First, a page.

MT appealed.

HELD
Nuisance

  • The question is whether the conduct of the person causing the alleged nuisance is, in the delictual sense, wrongful in relation to the party complaining of the nuisance. Since Hylton Grange and X sought an interdict, not damages, the question of fault was not germane to the present matter.
  • In a case of nuisance, the neighbour complains that his right to enjoy the undisturbed use of his property with reasonable comfort and convenience is impaired. Because the offending conduct does not cause physical damage to body or property, wrongfulness is not presumed. Wrongfulness must then be determined with regard to the particular circumstances of the case, the question being whether the harm-causing conduct, assessed in accordance with public policy and the legal convictions of the community, constitutionally understood, is or is not acceptable. In short, whether it is objectively reasonable to impose liability.
  • All the factors bearing on this value judgment must be balanced – the locality of the properties; the suitability of MT’s use of its property; the extent and duration of the interference; the times at which it occurs and the like.
    The wrongfulness assessment in this case
  • Relevant legislation provides as follows:o Section 24(a) of the Constitution gives everyone the right ‘to an environment that is not harmful to their health or well-being’. An environment will, in my view, be ‘harmful’ to a person’s ‘well-being’ if it is repulsive to the senses of an ordinary person.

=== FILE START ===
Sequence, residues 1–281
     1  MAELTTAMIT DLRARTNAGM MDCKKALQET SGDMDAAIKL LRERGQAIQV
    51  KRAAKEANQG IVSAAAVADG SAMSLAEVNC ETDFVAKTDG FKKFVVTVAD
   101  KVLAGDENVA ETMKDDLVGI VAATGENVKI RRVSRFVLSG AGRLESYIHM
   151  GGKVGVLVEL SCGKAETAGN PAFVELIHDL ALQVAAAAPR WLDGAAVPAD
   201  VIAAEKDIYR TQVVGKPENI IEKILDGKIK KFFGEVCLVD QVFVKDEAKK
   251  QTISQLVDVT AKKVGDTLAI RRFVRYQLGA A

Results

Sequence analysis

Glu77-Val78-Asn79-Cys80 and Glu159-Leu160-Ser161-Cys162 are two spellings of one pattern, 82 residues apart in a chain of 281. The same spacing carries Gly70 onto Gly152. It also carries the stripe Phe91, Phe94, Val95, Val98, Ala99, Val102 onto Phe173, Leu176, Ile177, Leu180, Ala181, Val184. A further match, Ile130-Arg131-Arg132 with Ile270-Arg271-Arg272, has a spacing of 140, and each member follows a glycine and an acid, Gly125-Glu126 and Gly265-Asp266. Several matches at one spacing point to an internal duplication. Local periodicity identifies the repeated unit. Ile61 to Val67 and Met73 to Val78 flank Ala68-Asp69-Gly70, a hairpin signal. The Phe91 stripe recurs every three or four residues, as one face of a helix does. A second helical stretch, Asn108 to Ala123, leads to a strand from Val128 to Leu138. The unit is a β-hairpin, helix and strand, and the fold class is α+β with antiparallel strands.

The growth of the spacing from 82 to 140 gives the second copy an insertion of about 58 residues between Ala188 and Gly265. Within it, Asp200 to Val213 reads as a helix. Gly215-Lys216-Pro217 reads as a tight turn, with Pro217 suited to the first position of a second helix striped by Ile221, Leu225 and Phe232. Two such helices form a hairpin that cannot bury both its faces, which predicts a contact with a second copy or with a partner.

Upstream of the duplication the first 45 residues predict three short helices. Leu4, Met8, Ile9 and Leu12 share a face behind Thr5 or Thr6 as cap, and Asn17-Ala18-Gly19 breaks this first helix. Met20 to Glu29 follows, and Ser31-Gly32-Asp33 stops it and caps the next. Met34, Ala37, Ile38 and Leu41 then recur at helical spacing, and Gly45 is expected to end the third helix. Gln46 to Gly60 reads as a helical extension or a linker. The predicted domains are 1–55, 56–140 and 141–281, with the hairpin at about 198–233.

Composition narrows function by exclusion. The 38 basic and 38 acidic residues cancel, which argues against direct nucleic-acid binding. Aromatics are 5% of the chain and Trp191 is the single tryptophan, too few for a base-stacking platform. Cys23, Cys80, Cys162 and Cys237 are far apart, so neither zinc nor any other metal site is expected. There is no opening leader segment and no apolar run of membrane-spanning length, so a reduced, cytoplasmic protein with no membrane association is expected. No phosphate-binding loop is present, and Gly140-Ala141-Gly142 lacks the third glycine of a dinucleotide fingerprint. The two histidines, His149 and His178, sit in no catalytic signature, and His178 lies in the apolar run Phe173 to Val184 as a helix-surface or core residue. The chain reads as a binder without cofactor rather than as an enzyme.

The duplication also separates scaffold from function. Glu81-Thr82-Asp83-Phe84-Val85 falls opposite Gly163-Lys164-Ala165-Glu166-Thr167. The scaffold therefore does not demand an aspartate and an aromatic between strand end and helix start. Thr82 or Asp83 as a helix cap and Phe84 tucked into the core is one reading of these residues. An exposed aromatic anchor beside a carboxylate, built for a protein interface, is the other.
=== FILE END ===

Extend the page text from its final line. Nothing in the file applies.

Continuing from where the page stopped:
o Section 28(1) of the National Environmental Management Act 107 of 1998 states that every person who causes or has caused or may cause ‘significant pollution or degradation of the environment’ must take reasonable measures to prevent such pollution or degradation. If the pollution or degradation cannot be avoided or stopped, the person must ‘minimise and remedy’ it. ‘Pollution’ is defined in the same Act as including a change in the environment caused by substances and by odours emitted by an activity, where that change has ‘an adverse effect on human health or well-being’.

    o Section 35(2) of the National Environmental Management: Air Quality Act 39 of 2004 provides that the occupier of any premises ‘must take all reasonable steps to prevent the emission of any offensive odour caused by any activity’ on such premises. ‘Offensive odour” is defined in the Act as meaning ‘any smell which is considered to be malodorous or a nuisance to a reasonable person’.

  • As against these provisions, section 22 of the Constitution guarantees to all citizens the right to choose their trades, occupations or professions freely, though the practice thereof may be regulated by law. Mushroom farming is a trade or occupation. It has also been shown that MT’s making of mushroom substrate is allowed by the relevant zoning.